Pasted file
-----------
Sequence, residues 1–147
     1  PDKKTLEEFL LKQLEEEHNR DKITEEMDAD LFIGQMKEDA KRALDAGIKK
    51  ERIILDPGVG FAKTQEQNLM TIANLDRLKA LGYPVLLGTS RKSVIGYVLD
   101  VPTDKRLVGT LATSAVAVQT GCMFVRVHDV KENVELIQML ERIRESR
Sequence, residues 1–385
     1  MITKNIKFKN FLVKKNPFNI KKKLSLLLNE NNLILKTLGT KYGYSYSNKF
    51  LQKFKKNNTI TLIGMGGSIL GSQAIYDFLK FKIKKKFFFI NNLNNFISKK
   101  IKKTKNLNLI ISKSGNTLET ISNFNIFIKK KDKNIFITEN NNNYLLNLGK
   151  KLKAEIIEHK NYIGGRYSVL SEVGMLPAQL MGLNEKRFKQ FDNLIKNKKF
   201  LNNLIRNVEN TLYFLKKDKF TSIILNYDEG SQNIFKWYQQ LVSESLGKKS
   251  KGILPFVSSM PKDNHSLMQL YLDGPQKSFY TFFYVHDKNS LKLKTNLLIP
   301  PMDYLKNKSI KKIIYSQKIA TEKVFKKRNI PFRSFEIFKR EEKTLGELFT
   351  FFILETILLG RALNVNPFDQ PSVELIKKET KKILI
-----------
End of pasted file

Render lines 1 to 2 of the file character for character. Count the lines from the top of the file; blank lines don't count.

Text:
Sequence, residues 1–147
     1  PDKKTLEEFL LKQLEEEHNR DKITEEMDAD LFIGQMKEDA KRALDAGIKK